EC2 Origin Exposed By Google Web Crawler With Discourse & CloudFlare

I apologize if this is web hosting problem it was a toss-up, I am running the site on reverse NGINX proxy and the problem seems to be with Discourse side of things as my other site hosted on this server is unaffected. It appears the public DNS of AWS EC2 is being scanned by Google and this is exposing EC2 DNS / IP to others circumventing Cloudflare protection. For example, refer to the image below. In this case, it shows the landing page of the forum.

I am not totally sure how to address this problem, I researched a few solutions with one being adding security groups in AWS to only allow Cloudflare IPs inbound to force Cloudflare only (seems like it would break things in my opinion). My concern is this solution may break reverse nginx and NGINX rewrite rules I have to expose true IP of users instead of the cloudflare IP with moderation and logging. Is this the correct solution or do or is there something I should look into fixing so discourse does not allow crawling under EC2s public DNS.

Guidance is Much Appreciated Thanks.

Edit: I found I was able to edit VPC rules and disable under “Edit DNS Hostnames” in VPC settings. I am unsure if this will solve the problem. Currently, the URL still points to my server, is this the right move? As per below I am now missing the public DNS which caused the problem above

image

Did you use the AWS FQDN to configure your Discourse instance? It shouldn’t even be responding to that hostname unless you used it in your configuration.

Discourse doesn’t need to know the DNS name AWS has assigned, you just need an ‘a’ record pointed at the public IP for your ELB. Your machine doesn’t need to be addressable remotely at all.

I did not use AWS FQDN to set up the server, I used my FQDN domain name when installing discourse. I am not using ELB, I am just pointing CloudFlare to my EC2 origin if that matters. I did look today and the URL is still active for public DNS and points to my server despite it missing in the AWS panel now (which is quite weird) the AWS documentation does not explain this well.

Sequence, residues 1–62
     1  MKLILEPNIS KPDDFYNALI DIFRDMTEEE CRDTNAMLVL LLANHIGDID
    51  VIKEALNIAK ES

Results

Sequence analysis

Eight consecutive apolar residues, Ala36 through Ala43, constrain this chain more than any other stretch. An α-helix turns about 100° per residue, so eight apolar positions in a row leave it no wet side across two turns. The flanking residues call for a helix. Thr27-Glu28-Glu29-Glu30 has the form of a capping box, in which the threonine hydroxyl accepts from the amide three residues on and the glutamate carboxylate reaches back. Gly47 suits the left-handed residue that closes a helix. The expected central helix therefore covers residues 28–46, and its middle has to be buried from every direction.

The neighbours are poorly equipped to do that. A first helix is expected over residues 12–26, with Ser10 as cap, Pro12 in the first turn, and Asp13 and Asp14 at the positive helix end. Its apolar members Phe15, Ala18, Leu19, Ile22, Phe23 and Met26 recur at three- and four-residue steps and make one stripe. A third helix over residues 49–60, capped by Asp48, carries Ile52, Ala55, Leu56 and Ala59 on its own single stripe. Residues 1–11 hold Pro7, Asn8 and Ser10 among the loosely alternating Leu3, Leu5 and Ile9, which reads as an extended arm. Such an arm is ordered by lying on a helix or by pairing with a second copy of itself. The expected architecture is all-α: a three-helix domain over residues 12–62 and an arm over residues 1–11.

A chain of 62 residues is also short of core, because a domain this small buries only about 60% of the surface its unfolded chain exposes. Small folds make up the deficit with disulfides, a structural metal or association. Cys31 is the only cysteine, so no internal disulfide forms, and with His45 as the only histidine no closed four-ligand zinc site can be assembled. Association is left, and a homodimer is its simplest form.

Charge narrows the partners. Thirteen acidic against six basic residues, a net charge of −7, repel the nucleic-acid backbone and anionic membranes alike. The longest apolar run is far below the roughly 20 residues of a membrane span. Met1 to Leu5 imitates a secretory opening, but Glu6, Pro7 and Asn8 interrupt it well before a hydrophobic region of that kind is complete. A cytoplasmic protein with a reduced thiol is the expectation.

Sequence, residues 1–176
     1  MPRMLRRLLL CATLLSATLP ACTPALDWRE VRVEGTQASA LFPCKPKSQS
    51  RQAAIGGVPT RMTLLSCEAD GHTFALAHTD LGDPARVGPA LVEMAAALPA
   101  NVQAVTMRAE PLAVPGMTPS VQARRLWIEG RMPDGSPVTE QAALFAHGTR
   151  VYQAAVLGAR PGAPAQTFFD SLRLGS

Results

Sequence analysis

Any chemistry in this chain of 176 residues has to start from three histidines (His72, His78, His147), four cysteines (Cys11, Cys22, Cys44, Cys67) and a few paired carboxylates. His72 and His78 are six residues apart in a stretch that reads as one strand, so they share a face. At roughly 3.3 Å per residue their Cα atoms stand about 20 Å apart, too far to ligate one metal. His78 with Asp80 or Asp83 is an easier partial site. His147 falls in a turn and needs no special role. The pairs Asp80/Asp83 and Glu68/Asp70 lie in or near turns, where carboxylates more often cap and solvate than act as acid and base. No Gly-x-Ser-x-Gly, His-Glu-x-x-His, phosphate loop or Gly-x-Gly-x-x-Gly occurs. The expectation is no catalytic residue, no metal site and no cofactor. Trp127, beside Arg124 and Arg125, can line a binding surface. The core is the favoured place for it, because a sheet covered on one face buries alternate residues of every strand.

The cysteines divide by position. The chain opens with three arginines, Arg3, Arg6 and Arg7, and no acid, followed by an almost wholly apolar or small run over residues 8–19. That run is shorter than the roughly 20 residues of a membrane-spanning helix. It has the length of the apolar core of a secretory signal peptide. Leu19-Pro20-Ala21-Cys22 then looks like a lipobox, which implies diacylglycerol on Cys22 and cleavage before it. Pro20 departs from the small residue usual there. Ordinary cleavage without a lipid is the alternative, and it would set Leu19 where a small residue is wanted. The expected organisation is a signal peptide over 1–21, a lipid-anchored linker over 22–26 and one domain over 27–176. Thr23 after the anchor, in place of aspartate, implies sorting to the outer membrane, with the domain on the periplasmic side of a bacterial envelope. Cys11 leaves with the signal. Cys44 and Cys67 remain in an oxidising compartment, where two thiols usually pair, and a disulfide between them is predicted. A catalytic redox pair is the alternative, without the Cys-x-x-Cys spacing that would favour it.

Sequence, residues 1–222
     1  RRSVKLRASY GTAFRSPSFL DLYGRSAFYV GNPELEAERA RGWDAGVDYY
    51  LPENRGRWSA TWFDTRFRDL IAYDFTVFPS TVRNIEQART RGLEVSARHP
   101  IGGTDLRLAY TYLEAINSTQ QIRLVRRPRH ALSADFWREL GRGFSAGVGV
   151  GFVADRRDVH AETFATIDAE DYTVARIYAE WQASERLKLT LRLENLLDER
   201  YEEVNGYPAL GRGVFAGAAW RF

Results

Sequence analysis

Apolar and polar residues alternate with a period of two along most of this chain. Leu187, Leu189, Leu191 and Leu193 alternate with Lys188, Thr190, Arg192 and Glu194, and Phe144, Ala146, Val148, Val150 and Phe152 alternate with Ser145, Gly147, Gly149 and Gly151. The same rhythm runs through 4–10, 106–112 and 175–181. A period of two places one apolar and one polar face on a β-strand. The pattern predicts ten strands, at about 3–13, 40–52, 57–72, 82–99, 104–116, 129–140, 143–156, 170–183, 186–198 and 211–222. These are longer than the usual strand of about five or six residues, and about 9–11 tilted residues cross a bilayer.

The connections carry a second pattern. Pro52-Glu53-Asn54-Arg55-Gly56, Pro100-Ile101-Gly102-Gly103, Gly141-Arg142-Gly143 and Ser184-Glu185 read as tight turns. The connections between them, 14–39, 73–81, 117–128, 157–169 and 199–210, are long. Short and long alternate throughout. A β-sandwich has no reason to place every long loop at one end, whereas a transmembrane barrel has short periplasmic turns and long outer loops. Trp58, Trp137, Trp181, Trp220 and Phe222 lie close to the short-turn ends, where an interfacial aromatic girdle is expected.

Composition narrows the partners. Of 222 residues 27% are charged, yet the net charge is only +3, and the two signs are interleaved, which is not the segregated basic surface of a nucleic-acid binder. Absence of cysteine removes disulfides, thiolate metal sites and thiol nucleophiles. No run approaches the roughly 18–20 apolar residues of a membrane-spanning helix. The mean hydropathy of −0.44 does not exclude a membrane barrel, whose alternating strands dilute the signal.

Only thing I can think of is moving the server and ensuring it does not get assigned public DNS when it is created as removing it in VPC groups does not appear to remove it from what I can see, a lot of work for uncertainty though. Any advice is appreciated.

If you’re using SSL just reconfigure discourse to use the correct address. Search will no longer be able to crawl the old URL and entries in the index will slowly drop out the next time engines go to crawl.

I am using SSL and it is working, when I got to the public DNS it spews SSL errors (as you would imagine). Google still seems to crawl it despite the SSL mismatch. I did not change anything in way I handled SSL since the site was installed so I am surprised Google is still crawling the page despite the SSL errors. It is even still being updated on the search engine which is quite odd. The weird thing is I do not know why because I have not pointed anything to public DNS unless discourse did something with a mind of its own during install. I have a second site running on this server that is unaffected by this problem.

The thing is, Discourse can’t infer the DNS name for a server, it has to be specified somewhere.

How are you using Cloudflare? Are you using an A record, or CNAME?

is my cloudflare DNS setup. Not pointing to the AWS DNS, just the IP of the server.

Edit: I just checked the google domains also and there are no records on it, so not sure what is pointing to public DNS.

This is the correct solution. Your concern is unnecessary. Cloudflare is passing that IP in a HTTP header.

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Would this break updating the server and preforming maintenance or does everything work fine under cloudflare HTTPS/HTTP only? or would I need to disable this every now and then to update things?

Updating would be outbound traffic (i.e. initiated from the “inside”), while the solution is about setting up inbound rules (affecting traffic initiated on the “outside”). So you will be fine if the rules are set up correctly.

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